A PEW Resarch survey shows a majority of people around the world feel robots and AI will make it harder to find work, and increase the gap between rich and poor (Gerard Julien-AFP-Getty Images)

Robots and AI may take your job

New survey shows worldwide worry

Think about it, when driverless vehicles come on-stream, what happens to literally millions of bus drivers, taxi drivers, and the huge variety of truck and delivery drivers. And that’s just the start.

Vast numbers of manufacturing jobs have been lost and continue to be lost as companies add computerised robots.  In fact it has already led to a new term called “lights out” manufacturing with entire computerised plants running with virtually no human intervention as humans may need light to see what they’re doing, but robots don’t.

Robot assembly at a Ford van plant in Missouri. The PEW research report say a human worker can cost an average of about $40/hour, a robot about $4/hour increasing the pressure to increase automation, and reduce the labour force. (Dave Kaup-Reuters)

Bank tellers were being replaced by ATM’s and now mobile phone apps are replacing both. Self checkouts are beginning to replace cashiers, AI is already making inroads into  all kinds of jobs from paralegal to journalism.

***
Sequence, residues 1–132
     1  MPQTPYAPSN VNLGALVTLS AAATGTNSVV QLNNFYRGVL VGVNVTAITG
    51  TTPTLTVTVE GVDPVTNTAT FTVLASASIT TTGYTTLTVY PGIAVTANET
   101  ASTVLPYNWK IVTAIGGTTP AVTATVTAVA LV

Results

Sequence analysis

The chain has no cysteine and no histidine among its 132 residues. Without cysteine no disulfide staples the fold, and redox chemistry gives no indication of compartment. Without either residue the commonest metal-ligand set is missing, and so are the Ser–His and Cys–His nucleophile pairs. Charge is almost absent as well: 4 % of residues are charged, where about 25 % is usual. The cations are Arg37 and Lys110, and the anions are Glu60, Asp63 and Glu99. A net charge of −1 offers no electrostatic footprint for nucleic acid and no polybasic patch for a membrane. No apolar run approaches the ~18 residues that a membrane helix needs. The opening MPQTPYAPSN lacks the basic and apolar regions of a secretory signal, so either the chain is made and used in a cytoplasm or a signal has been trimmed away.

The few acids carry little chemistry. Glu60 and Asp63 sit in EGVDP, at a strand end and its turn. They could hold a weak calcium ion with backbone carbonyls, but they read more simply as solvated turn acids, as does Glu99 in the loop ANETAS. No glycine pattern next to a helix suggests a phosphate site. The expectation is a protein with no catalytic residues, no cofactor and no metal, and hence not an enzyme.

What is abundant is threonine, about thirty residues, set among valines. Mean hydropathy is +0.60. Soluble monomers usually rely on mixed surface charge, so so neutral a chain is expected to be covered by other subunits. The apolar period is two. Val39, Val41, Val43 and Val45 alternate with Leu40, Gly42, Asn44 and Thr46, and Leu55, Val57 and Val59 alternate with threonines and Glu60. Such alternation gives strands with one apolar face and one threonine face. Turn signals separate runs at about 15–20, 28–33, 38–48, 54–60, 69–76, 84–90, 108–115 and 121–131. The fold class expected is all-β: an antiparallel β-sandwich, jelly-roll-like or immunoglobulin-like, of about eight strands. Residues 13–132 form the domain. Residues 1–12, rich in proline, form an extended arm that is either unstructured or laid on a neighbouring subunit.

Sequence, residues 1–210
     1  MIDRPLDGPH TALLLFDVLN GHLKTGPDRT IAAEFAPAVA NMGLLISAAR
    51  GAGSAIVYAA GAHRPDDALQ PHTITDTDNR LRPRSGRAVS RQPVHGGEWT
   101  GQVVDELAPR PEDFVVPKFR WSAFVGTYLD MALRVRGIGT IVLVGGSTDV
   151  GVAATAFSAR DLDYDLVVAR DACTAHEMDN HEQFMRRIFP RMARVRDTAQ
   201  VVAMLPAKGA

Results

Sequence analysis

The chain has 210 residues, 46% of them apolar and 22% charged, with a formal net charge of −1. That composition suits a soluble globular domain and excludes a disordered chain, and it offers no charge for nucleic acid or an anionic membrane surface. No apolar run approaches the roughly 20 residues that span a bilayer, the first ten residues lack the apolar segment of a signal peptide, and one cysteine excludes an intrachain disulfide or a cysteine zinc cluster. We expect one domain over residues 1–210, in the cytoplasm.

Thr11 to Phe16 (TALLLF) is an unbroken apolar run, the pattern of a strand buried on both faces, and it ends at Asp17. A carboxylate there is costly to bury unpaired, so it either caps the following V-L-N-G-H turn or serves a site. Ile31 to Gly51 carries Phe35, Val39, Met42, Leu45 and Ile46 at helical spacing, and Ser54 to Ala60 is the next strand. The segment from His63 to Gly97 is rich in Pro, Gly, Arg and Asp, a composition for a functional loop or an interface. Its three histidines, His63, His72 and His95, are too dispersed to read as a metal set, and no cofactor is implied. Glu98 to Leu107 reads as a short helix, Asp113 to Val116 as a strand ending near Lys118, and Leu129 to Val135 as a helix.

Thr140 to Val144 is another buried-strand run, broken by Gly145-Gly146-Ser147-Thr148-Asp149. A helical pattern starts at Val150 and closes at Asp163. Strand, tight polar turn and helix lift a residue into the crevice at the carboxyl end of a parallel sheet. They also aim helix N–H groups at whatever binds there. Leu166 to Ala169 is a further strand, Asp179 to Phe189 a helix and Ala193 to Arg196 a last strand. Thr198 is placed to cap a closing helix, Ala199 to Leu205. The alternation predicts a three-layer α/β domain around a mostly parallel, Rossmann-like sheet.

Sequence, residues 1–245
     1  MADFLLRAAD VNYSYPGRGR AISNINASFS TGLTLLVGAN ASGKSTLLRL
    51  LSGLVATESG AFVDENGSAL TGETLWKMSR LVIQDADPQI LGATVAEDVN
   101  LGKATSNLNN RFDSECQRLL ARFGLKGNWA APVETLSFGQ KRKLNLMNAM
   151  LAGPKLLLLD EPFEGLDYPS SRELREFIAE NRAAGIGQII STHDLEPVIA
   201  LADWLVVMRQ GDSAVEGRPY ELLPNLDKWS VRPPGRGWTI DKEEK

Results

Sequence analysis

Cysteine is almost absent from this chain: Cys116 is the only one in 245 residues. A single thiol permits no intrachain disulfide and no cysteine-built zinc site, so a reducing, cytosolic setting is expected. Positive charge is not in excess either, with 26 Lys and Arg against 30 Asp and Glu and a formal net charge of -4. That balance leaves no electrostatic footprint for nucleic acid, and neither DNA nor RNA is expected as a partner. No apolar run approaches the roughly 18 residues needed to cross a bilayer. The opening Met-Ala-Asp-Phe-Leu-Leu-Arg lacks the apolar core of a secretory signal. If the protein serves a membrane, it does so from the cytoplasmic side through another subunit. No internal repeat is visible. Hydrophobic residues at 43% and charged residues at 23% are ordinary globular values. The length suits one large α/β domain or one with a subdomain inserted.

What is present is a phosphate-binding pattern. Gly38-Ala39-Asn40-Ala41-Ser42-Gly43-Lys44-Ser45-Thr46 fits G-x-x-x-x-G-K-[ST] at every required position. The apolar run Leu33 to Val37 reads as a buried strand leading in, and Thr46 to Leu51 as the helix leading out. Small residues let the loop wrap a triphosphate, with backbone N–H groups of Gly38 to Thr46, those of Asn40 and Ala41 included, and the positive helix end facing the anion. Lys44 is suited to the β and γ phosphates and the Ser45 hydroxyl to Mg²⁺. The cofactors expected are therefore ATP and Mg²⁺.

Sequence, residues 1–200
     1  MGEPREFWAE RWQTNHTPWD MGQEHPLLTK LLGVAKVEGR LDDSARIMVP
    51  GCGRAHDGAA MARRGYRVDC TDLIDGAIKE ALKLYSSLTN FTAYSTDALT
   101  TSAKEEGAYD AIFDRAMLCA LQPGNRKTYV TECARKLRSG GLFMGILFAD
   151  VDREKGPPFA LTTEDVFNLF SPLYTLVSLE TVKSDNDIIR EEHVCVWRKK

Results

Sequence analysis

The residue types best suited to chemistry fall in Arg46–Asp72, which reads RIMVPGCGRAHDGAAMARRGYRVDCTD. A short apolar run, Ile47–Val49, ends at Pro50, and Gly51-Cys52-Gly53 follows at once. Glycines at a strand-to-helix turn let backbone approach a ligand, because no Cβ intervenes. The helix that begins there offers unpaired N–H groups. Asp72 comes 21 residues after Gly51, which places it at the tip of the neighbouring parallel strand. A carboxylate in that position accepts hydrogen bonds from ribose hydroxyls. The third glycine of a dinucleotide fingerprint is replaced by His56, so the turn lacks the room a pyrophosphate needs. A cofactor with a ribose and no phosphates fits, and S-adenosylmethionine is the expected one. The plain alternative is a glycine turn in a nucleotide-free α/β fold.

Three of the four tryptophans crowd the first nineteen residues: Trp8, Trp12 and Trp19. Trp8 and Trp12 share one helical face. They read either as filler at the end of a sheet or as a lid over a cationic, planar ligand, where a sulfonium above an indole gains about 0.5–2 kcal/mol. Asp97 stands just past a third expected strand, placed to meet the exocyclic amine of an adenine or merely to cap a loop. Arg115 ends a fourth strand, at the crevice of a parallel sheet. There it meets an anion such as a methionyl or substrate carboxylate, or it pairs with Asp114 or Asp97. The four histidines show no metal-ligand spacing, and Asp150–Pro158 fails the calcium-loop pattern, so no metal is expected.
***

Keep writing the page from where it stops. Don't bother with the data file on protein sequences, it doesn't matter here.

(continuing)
A new study from the Pew Research Centre shows people in countries around the world are worried about their job future.

By the end of 2016 there were 255,000 self-checkout machines in stores around the world. Every machine means one less taxpaying person being employed.(CBC)

The concern seems to be relatively equally shared among men and women. A majority feel that automation will make it harder for ordinary people to find jobs, more that 80 per cent of respondents in Canada, Greece, Argentina, Brazil, South Africa and more than 70 per cent in  Hungary, Poland, Italy and Japan.

Many also feel the trend toward automation and AI will only serve to widen the inequality between rich and poor.

The often heard comment that it will lead to more, new jobs is also something that a majority of people doubt.

A ‘female’ robot waiter delivers meals for customers at robot-themed restaurant Onin Yiwu, Zhejiang province of China (VCG-Getty Images- via CBC)

As to who is responsible for preparing the workforce for the new and changing future, except for the U.S., people feel, the government, schools, and individuals themselves share responsibility in that order, although in figures not greatly different. with employers generally listed fourth in responsibility.

The U.S seems unique in that a clear majority think individuals are responsible for preparing for the future with the government listed as a distant fourth.

additional information – sources

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